the White House are not about to change their longstanding policy of
barring high-ranking Taiwanese government officials from visiting
the US, which during President Chen Shui-bian's eight-year tenure
served as a stark, if not humiliating, reminder of the reality of
great power politics.

"Another aspect of Washington's approach to Taiwan that is unlikely
to change is the desire to sell it weapons.

"To wit, news that a Ma visit to the US was 'not necessary' had
barely registered when Young announced that the US remained
committed to helping Taiwan modernize its military. To be fair,
though, one thing did change this time around: It seemed that
encouraging Taiwan to import US beef was now a top-line policy, as
Young mentioned it in the same breath as the F-16s.

"What this meant was that Washington could continue to yield to
Beijing's pressure and humiliate its ally, but please, please, buy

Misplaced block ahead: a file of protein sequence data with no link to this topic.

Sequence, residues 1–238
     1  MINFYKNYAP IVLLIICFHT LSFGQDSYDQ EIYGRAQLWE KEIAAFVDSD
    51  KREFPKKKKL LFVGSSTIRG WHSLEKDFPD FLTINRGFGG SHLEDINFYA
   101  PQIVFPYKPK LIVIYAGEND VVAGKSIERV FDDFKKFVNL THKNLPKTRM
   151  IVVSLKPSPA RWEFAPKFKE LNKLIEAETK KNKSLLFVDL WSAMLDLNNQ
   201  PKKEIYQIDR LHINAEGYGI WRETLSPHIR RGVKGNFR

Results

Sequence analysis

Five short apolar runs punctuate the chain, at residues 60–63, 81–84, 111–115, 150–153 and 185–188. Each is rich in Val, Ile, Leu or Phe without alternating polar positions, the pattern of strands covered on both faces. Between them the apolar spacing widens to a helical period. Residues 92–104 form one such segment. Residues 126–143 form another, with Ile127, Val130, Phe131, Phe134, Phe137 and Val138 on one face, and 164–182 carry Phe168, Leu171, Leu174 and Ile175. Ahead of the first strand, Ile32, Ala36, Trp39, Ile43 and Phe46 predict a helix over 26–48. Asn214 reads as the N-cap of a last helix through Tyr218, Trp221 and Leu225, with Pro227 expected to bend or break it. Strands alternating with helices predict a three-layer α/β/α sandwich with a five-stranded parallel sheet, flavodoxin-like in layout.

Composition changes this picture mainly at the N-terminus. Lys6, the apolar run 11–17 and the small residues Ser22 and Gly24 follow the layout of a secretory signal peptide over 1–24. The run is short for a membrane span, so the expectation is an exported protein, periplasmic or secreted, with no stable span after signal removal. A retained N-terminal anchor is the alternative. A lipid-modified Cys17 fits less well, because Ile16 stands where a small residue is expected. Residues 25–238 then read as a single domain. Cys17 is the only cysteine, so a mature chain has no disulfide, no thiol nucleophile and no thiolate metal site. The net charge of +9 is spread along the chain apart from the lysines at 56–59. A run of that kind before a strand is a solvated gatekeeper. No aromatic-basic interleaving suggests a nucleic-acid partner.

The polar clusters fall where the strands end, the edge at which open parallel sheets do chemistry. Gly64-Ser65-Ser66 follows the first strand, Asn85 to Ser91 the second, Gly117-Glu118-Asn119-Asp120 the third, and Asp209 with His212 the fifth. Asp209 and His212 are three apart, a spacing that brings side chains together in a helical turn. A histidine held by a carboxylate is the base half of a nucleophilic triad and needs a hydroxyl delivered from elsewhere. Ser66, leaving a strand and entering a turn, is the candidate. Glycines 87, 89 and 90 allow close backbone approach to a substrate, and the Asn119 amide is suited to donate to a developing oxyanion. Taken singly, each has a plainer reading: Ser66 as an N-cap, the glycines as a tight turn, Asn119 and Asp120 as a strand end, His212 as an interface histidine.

our weapons and our beef. We're your friend, as long as you remain
a market for our goods.

"This position is the result of different branches of government
vying for different outcomes, and Young's speech was the channel
through which these contradictory discourses were voiced. While the
White House and the State Department seek to mollify Beijing through
engagement and the avoidance of sensitive issues such as Taiwan,
others - such as the Pentagon - continue to seek to provide Taiwan
with appropriate armaments, which is sure to anger Beijing.

"Sadly, while it isn't Washington's intention to humiliate the
Taiwanese leadership or its people, the consequence of such public
announcements is that other countries and international
organizations will have no compunction in treating Taiwanese as
second-rate global citizens.

"In other words, Beijing's pressure on other countries isn't the
only factor in how the international community has continued to snub
Taiwan's efforts to be recognized as an equal.

"Young's diplomatic slap in the face will have repercussions on how
the WHO, to use one example, will deal with Taipei's application for
membership or observer status later this month; or sports
organizations, to use another, will continue to bar Taiwanese
athletes from participating as Taiwanese or unfurling the national
flag when they win a medal.

"After all, if the world's only superpower and an ally of Taiwan can
publicly treat it primarily as a market for its products, why should
lesser partners care about it?"


© Scoop Media